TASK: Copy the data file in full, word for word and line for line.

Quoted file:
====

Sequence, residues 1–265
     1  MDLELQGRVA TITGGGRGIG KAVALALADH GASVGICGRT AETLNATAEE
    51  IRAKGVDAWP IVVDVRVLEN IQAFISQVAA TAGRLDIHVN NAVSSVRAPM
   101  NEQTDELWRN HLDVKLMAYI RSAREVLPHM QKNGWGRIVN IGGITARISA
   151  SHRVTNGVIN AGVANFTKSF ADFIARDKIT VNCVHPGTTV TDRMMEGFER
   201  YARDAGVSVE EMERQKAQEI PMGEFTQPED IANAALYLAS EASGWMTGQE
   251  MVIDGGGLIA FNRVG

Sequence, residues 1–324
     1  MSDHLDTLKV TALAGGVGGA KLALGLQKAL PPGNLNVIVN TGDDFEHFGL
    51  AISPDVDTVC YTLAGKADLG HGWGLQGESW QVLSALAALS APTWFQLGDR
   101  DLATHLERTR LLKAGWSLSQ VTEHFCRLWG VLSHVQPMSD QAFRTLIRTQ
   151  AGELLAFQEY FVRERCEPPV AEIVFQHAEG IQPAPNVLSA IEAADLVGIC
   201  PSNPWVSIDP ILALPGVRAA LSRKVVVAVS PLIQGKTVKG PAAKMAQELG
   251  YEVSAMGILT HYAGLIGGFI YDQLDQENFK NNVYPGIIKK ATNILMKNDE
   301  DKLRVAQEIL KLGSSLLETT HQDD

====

Sequence, residues 1–265
     1  MDLELQGRVA TITGGGRGIG KAVALALADH GASVGICGRT AETLNATAEE
    51  IRAKGVDAWP IVVDVRVLEN IQAFISQVAA TAGRLDIHVN NAVSSVRAPM
   101  NEQTDELWRN HLDVKLMAYI RSAREVLPHM QKNGWGRIVN IGGITARISA
   151  SHRVTNGVIN AGVANFTKSF ADFIARDKIT VNCVHPGTTV TDRMMEGFER
   201  YARDAGVSVE EMERQKAQEI PMGEFTQPED IANAALYLAS EASGWMTGQE
   251  MVIDGGGLIA FNRVG

Sequence, residues 1–324
     1  MSDHLDTLKV TALAGGVGGA KLALGLQKAL PPGNLNVIVN TGDDFEHFGL
    51  AISPDVDTVC YTLAGKADLG HGWGLQGESW QVLSALAALS APTWFQLGDR
   101  DLATHLERTR LLKAGWSLSQ VTEHFCRLWG VLSHVQPMSD QAFRTLIRTQ
   151  AGELLAFQEY FVRERCEPPV AEIVFQHAEG IQPAPNVLSA IEAADLVGIC
   201  PSNPWVSIDP ILALPGVRAA LSRKVVVAVS PLIQGKTVKG PAAKMAQELG
   251  YEVSAMGILT HYAGLIGGFI YDQLDQENFK NNVYPGIIKK ATNILMKNDE
   301  DKLRVAQEIL KLGSSLLETT HQDD